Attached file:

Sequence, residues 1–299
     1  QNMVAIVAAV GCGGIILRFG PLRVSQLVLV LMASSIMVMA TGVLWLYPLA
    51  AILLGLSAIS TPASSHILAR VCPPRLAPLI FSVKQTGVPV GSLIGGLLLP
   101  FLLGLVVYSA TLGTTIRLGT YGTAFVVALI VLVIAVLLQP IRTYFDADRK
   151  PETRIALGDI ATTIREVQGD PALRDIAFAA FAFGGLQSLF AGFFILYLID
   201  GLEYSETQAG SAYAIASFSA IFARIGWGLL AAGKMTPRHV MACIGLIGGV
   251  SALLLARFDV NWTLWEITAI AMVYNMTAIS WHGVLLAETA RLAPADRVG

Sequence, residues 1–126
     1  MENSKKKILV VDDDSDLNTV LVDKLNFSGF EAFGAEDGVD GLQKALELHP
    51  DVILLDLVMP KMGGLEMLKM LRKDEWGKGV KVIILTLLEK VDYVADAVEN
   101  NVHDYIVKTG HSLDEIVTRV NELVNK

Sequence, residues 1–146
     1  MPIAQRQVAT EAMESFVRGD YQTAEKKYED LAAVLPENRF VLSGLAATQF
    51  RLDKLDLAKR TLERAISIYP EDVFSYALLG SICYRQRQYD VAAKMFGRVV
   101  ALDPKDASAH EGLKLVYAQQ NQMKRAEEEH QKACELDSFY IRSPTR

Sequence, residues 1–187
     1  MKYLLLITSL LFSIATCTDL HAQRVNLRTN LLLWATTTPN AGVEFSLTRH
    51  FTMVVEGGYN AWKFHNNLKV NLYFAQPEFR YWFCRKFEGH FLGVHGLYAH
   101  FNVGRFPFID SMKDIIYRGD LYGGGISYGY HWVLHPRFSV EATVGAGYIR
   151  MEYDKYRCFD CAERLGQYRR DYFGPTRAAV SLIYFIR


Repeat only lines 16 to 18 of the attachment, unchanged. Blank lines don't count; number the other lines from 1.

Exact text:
Sequence, residues 1–187
     1  MKYLLLITSL LFSIATCTDL HAQRVNLRTN LLLWATTTPN AGVEFSLTRH
    51  FTMVVEGGYN AWKFHNNLKV NLYFAQPEFR YWFCRKFEGH FLGVHGLYAH